When a tiny current flows into the base, the resistance drops to 10 ohms or less.

24.2 A transistor switch


24 2 a transistor switch30 l.jpg

The resistance difference between “on” and “off” for a transistor switch is good enough for many useful circuits such as an indicator light bulb in a mechanical circuit.

24.2 A transistor switch


24 2 a transistor amplifier l.jpg

One of the most important uses of a transistor is to a amplify a signal.

In electronics, the word “amplify” means to make the voltage or current of the input signal larger without changing the shape of the signal.

24.2 A transistor amplifier


24 2 a transistor amplifier32 l.jpg

In an amplifier circuit, the transistor is not switched fully “on” like it is in a switching circuit.

Instead, the transistor operates partially on and its resistance varies between a few hundred ohms and about 10,000 ohms, depending on the specific transistor.

24.2 A transistor amplifier


24 2 electronic logic l.jpg
24.2 Electronic Logic fully “on” like it is in a switching circuit.

  • Logic circuits are designed to compare inputs and produce specific output when all the input conditions are met.

  • Logic circuits assign voltages to the two logical conditions of TRUE (T) and FALSE (F).

  • For example, the circuit that starts your car only works when a) the car is in park, b) the brake is on, and c) the key is turned.


24 2 electronic logic34 l.jpg
24.2 Electronic Logic fully “on” like it is in a switching circuit.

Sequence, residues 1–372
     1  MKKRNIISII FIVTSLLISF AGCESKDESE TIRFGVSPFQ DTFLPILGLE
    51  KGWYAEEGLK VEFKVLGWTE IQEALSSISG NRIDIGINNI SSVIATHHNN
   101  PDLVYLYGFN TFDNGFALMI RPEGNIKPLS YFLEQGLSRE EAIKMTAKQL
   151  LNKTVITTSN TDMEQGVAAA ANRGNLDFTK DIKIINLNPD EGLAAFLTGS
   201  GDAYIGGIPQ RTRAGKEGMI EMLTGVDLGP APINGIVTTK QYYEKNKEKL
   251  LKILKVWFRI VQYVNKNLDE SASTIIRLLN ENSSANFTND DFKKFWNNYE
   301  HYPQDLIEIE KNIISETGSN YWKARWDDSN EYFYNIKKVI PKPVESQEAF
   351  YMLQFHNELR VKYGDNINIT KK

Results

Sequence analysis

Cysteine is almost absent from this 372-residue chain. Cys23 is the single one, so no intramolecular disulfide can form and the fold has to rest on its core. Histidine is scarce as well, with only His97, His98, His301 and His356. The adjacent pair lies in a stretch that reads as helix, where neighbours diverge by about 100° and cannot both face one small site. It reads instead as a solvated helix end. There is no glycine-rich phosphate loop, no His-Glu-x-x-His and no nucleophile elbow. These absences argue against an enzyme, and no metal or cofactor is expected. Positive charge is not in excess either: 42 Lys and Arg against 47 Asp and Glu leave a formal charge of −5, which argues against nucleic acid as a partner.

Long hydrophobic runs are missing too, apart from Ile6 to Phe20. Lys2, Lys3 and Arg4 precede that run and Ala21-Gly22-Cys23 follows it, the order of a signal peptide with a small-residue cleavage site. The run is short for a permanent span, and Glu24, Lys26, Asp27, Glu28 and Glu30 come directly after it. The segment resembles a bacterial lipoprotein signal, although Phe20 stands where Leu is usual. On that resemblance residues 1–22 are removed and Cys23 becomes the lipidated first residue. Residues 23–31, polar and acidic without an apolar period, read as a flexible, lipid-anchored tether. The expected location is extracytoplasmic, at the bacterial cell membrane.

• There is one output which starts the car if TRUE and does not start the car if FALSE.


24 2 a transistor logic circuit l.jpg

The only way for the output to be 3 V is when all three transistors are on, which only happens if all three inputs are TRUE.

24.2 A transistor logic circuit


24 2 circuits with diodes and transistors36 l.jpg

Key Question: transistors are on, which only happens if all three inputs are

What are some useful properties of transistors?

24.2 Circuits with Diodes and Transistors

*Students read Section 24.2 BEFORE Investigation 24.2


24 3 digital electronics l.jpg
24.3 Digital Electronics transistors are on, which only happens if all three inputs are

  • A signal is anything that carries information.

  • Today the word signal usually means a voltage, current, or light wave that carries information.

  • A microphone converts the variations in air pressure from the sound wave into variations in voltage in an analog electrical signal.